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Do You Have the Personality It Takes to Be a House Flipper?

You’ve seen the reality shows, and probably thought you have what it takes to quit your day job and start flipping houses, but do you? Companies throughout the housing industry, including Home Depot, along with mortgage companies and lenders say they’re seeing an uptick in millennials buying fixer-uppers for themselves or to flip. It’s a healthy trend with the potential for huge profits, but it’s not without its risks.

Image of millennial couple in front of their new home

via Matthew Hurst

Brian Augsberger, a Rehab Financial lender who provides rehab loans in fifteen states across the US, said “not everyone is cut out to be a house flipper. Rehab Financial makes secured first lien loans to real estate investors requiring capital to acquire, improve, own, operate, manage and sell non-owner occupied 1-4 family residential properties. They see a lot of people investing in real estate, and a lot of people wanting to flip homes.

“They want to quit their 9-to-5 job and start rehabbing houses,” he said of some millennials. “I advise them to make their first flip a side-project. Buy the property then spend your time after work and on weekends fixing it up. Don’t quit your day job until you know if this is something you really want to do.”

You can definitely make good money flipping houses if you know what you’re doing, how to do it, and you make smart decisions. Augsberger urges caution among first-time investors of any age because he talks to too many people who think flipping a house is as easy as it looks on television. “People watch these television shows, and they see the pros to fixing up an old house and selling for a lot of money. What they don’t see is all the hard work that really goes into getting the home ready for sale.”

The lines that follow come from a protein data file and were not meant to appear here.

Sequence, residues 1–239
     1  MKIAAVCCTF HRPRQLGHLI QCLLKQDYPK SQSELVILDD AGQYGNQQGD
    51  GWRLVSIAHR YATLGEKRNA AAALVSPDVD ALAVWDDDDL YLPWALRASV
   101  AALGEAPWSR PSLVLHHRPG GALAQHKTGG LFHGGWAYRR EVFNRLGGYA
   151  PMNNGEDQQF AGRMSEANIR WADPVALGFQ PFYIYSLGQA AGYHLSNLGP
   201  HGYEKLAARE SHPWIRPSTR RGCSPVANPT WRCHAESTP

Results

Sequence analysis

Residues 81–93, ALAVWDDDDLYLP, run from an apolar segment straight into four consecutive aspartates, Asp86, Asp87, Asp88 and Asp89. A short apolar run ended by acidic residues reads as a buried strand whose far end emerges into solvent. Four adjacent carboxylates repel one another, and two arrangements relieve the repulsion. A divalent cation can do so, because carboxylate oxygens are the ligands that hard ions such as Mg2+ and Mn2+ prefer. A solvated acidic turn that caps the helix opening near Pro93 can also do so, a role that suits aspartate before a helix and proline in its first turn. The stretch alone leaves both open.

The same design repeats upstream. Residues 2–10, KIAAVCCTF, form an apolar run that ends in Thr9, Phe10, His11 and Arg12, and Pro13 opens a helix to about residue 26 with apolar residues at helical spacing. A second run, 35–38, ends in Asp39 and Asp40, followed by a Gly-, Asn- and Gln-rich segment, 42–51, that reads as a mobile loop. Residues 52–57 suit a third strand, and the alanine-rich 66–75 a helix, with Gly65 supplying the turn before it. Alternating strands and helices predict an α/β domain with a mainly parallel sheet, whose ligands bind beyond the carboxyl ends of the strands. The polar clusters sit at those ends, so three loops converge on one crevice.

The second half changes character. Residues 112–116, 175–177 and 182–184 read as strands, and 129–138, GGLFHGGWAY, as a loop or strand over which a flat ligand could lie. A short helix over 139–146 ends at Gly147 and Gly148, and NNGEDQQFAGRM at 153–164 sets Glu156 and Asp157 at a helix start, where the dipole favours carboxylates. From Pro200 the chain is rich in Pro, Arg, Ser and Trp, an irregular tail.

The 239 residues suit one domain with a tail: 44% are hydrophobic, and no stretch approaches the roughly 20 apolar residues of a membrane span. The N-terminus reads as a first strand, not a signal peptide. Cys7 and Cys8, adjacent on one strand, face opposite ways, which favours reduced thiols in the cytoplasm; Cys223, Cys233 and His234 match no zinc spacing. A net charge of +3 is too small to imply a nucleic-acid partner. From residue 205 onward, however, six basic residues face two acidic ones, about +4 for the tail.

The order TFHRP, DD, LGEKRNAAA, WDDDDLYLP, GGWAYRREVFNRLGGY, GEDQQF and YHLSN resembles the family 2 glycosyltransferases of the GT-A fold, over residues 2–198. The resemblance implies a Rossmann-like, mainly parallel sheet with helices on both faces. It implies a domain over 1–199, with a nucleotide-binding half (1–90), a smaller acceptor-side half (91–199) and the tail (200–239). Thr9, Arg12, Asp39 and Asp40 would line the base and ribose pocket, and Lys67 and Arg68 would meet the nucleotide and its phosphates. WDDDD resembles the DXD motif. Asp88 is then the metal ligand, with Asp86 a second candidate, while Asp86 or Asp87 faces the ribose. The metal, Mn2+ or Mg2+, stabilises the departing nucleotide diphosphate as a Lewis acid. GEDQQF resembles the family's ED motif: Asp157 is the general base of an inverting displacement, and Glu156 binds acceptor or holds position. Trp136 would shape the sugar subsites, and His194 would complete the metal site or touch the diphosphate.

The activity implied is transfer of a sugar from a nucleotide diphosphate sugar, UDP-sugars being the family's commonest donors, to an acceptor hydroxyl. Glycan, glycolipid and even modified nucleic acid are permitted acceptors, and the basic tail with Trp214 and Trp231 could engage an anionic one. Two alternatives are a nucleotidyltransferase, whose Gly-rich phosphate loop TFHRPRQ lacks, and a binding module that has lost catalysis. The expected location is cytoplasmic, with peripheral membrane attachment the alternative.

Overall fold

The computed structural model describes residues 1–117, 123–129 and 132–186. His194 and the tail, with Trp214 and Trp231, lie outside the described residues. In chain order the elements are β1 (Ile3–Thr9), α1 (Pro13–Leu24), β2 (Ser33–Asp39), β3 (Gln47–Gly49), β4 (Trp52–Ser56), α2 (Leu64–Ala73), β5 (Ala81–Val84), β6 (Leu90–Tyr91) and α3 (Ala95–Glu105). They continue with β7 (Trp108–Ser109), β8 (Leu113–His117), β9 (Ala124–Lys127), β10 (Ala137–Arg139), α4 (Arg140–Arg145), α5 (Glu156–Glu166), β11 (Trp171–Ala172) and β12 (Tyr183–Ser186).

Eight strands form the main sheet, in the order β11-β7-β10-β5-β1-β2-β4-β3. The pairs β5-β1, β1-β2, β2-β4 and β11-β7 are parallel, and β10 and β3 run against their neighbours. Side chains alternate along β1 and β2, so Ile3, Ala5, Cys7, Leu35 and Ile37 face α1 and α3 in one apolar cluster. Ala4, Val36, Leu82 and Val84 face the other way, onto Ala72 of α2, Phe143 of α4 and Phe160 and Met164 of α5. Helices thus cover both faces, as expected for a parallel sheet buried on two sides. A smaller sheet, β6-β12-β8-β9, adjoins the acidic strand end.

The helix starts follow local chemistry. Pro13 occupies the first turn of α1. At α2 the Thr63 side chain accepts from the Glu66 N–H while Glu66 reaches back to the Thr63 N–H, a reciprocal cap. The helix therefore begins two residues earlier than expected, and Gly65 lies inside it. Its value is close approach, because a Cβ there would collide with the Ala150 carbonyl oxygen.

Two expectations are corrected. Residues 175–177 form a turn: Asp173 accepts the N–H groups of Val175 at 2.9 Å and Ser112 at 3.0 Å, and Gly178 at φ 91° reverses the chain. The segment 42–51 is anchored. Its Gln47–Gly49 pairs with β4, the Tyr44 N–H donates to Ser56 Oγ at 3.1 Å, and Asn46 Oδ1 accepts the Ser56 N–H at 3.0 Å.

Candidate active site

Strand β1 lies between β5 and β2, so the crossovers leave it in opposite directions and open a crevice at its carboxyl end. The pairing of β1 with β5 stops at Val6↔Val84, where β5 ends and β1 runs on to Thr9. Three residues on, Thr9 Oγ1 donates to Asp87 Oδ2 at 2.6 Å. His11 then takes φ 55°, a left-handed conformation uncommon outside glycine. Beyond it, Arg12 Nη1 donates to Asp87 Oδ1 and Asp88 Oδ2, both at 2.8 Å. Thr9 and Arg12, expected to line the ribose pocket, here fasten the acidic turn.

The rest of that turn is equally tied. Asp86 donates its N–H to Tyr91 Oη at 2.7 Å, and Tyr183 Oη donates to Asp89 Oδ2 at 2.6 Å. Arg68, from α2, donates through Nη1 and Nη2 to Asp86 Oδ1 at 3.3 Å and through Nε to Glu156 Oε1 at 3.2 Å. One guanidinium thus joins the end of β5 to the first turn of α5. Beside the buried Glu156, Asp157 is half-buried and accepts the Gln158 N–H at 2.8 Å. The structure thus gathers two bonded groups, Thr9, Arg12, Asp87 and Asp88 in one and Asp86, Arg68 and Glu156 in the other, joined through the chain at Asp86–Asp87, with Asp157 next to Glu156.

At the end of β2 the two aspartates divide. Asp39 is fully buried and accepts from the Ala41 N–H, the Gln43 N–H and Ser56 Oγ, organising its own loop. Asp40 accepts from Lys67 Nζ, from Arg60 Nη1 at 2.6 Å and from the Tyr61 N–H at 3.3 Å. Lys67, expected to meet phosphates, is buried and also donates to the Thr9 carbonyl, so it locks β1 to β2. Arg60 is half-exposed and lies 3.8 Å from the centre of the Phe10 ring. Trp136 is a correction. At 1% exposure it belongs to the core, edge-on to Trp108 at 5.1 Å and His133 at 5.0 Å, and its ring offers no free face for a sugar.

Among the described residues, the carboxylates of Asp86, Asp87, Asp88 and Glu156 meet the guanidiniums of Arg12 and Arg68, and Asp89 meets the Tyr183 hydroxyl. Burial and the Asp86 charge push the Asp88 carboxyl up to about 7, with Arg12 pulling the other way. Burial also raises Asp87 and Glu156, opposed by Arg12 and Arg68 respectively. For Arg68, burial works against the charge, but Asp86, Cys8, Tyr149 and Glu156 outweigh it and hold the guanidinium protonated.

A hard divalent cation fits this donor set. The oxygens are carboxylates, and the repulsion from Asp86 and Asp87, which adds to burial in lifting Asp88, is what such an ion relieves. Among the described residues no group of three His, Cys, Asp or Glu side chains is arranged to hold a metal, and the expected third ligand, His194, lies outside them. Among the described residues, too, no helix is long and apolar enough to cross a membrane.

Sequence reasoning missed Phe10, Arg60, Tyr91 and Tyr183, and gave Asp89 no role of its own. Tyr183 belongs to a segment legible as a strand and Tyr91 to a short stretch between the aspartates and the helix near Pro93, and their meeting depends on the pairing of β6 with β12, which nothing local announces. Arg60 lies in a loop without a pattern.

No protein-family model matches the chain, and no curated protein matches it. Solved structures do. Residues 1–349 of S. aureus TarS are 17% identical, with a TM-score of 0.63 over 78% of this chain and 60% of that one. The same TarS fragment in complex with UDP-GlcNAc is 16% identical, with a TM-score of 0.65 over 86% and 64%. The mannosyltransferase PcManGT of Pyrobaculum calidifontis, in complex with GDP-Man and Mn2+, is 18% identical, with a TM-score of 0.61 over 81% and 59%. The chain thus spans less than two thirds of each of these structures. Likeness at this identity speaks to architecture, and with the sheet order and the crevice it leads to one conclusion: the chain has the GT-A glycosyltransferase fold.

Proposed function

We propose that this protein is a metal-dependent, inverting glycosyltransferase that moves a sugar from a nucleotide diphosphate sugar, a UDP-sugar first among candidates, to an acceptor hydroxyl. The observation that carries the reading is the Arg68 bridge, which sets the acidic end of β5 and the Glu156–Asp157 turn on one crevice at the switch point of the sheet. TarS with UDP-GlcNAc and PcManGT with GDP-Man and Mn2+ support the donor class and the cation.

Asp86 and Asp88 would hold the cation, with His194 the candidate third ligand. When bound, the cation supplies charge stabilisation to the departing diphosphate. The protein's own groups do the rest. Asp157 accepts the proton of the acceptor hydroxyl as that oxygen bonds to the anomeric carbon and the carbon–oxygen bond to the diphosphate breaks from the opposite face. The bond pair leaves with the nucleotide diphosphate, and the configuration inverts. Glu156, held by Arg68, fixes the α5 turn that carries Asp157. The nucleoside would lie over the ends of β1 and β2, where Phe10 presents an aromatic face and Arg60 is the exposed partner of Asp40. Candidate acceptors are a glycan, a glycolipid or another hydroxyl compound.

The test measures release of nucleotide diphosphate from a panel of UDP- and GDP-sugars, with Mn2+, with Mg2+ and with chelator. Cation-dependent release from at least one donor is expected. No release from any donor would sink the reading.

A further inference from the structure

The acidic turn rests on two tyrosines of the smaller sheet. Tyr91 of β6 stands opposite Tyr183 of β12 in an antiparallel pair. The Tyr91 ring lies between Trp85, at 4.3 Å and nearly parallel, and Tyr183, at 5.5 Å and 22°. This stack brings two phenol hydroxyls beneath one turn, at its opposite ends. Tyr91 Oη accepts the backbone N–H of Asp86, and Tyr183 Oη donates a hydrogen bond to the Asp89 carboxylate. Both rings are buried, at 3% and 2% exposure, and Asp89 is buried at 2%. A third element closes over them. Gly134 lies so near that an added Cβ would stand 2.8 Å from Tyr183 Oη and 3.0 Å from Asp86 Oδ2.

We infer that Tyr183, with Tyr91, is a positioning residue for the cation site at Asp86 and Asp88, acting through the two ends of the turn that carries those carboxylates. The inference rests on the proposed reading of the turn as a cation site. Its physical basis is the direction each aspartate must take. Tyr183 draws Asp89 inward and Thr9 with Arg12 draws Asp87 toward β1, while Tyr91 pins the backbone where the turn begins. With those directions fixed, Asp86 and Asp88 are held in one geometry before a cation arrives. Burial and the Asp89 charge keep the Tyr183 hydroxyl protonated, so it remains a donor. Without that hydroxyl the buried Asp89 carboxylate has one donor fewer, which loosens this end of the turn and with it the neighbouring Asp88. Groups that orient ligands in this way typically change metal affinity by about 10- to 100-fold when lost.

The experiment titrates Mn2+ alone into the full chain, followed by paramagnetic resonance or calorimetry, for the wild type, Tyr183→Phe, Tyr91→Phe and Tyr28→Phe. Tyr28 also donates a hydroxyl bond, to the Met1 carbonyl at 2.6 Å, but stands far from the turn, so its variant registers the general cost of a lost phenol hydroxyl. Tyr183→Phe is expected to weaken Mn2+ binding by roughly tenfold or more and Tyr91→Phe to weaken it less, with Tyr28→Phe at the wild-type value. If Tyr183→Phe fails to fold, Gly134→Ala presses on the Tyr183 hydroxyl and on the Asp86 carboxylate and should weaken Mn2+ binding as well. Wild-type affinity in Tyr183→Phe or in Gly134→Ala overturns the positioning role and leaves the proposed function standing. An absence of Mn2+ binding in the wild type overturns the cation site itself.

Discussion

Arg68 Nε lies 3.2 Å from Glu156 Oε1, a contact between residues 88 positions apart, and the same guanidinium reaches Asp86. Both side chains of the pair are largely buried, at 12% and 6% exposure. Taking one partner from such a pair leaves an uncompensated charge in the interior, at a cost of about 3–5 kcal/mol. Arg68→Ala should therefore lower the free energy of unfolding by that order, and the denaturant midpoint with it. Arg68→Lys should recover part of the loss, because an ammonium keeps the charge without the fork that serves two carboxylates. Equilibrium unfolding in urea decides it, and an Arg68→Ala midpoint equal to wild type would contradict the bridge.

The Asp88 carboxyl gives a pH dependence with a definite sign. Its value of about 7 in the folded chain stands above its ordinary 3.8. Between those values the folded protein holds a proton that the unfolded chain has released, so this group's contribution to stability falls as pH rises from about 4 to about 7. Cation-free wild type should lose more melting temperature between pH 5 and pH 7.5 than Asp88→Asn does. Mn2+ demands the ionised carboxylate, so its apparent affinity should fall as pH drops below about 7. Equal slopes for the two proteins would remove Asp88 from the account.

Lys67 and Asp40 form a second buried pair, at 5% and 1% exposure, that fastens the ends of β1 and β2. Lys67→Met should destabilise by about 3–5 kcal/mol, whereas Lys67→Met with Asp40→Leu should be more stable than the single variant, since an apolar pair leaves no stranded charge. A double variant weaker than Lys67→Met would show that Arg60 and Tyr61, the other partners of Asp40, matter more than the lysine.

Successful house flipping involves more than just getting a loan. “Do your due diligence,” he said. “There are thousands of good articles on the Internet you can read about flipping houses. Know what you’re getting into. I think a lot of the reality shows about house flipping don’t show the cons of flipping as much as they show the advantages.”

The kind of personality you have, rather than the depth of your pocketbook that determines how successful you will be on your journey. Augsberger goes on to say, “You have to be able to talk to and relate to a lot of different people. You’re going to be dealing with attorneys, plumbers, contractors, painters, lenders, all kinds of people. You have to be able to communicate what you need and hear what they need from you. If you communicate well, for instance, you might be able to save yourself hundreds, or even thousands of dollars by getting a contractor to only come out once to your property rather than a few times.”

Personality Traits House Flipping Experts Have

There are a lot of traits first-time DIY’ers must have: